Distance-vector routing protocol

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A distance-vector routing protocol in data networks determines the best route for data packets based on distance. Distance-vector routing protocols measure the distance by the number of routers a packet has to pass, one router counts as one hop. Some distance-vector protocols also take into account network latency and other factors that influence traffic on a given route. To determine the best route across a network routers on which a distance-vector protocol is implemented exchange information with one another, usually routing tables plus hop counts for destination networks and possibly other traffic information. Distance-vector routing protocols also require that a router informs its neighbours of network topology changes periodically.

Distance-vector routing protocols use the Bellman–Ford algorithm and Ford–Fulkerson algorithm to calculate the best route. Another way of calculating the best route across a network is based on link cost, and is implemented through link-state routing protocols.

The term distance vector refers to the fact that the protocol manipulates vectors (arrays) of distances to other nodes in the network. The distance vector algorithm was the original ARPANET routing algorithm and was implemented more widely in local area networks with the Routing Information Protocol (RIP).

Methodology[edit]

Routers that use distance-vector protocol determine the distance between themselves and a destination. The best route for Internet Protocol packets that carry data across a data network is measured in terms of the numbers of routers (hops) a packet has to pass to reach its destination network. Additionally some distance-vector protocols take into account other traffic information, such as network latency. To establish the best route, routers regularly exchange information with neighbouring routers, usually their routing table, hop count for a destination network and possibly other traffic related information. Routers that implement distance-vector protocol rely purely on the information provided to them by other routers, and do not assess the network topology.[1]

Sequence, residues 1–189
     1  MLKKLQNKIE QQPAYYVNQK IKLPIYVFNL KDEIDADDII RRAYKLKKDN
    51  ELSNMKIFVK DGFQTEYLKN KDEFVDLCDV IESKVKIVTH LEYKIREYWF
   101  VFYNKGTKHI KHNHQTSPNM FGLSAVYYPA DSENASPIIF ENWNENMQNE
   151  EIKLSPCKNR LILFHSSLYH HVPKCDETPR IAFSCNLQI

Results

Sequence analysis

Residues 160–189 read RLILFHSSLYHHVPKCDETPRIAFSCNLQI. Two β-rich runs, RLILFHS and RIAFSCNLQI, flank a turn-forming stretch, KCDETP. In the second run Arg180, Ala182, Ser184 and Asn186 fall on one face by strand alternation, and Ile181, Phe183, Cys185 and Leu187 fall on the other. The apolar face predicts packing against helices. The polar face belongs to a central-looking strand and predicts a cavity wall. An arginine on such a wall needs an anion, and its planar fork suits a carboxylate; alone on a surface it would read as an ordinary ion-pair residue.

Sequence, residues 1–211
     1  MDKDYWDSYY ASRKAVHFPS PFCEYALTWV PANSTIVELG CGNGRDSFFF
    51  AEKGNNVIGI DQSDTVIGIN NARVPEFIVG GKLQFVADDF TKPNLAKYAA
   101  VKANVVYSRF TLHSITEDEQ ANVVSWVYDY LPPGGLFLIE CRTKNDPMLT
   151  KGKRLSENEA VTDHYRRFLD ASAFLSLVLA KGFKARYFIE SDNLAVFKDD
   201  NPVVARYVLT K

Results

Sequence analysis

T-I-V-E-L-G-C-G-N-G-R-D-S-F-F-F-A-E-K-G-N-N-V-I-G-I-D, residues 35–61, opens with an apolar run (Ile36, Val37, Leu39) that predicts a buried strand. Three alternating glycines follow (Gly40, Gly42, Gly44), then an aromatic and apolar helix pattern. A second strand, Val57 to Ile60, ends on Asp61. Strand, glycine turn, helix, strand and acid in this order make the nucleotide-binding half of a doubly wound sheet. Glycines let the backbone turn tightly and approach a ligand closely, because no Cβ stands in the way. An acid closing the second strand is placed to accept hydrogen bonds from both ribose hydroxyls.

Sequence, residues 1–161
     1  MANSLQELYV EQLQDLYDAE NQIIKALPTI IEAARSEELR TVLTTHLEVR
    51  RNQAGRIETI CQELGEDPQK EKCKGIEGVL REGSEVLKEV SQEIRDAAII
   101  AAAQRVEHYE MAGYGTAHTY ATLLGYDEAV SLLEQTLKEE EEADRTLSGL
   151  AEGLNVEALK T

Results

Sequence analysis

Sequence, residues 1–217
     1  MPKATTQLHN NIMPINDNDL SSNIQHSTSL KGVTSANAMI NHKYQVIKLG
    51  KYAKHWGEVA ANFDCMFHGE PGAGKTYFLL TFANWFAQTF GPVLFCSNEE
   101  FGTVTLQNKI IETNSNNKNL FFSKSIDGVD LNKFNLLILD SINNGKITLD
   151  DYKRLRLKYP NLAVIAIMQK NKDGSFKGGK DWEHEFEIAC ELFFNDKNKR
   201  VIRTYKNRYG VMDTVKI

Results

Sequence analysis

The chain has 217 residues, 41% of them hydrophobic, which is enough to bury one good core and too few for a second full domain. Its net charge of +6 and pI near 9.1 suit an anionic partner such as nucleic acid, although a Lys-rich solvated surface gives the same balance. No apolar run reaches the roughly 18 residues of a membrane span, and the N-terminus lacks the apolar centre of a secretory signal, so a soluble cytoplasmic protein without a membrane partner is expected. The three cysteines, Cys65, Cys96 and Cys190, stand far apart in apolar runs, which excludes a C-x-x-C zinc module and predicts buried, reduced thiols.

Distance-vector protocols update the routing tables of routers and determine the route on which a packet will be sent by the next hop which is the exit interface of the router and the IP address of the interface of the receiving router. Distance is a measure of the cost to reach a certain node. The least cost route between any two nodes is the route with minimum distance.

Updates are performed periodically in a distance-vector protocol where all or part of a router's routing table is sent to all its neighbours that are configured to use the same distance-vector routing protocol. Once a router has this information it is able to amend its own routing table to reflect the changes and then inform its neighbours of the changes. This process has been described as ‘routing by rumour’ because routers are relying on the information they receive from other routers and cannot determine if the information is actually valid and true. There are a number of features which can be used to help with instability and inaccurate routing information.

Development of distance-vector routing[edit]

The oldest routing protocol, and the oldest distance-vector protocol, is version 1 of the Routing Information Protocol (RIPv1). RIPv1 was formally standardised in 1988.[2] It establishes the shortest path across a network purely on the basis of the hops, that is numbers of routers that need to be passed to reach the destination network. RIP is a interior gateway protocol, so it can be used in local area networks (LANs) on interior or border routers. Routers with RIPv1 implementation exchange their routing tables with neighbouring routers by broadcasting a RIPv1 packet every 30 second into all connected networks. RIPv1 is not suitable for large networks as it limits the number of hops to 15. This hop limit was introduced to avoid routing loops, but also means that networks that are connected through more than 15 routers are unreachable.[3]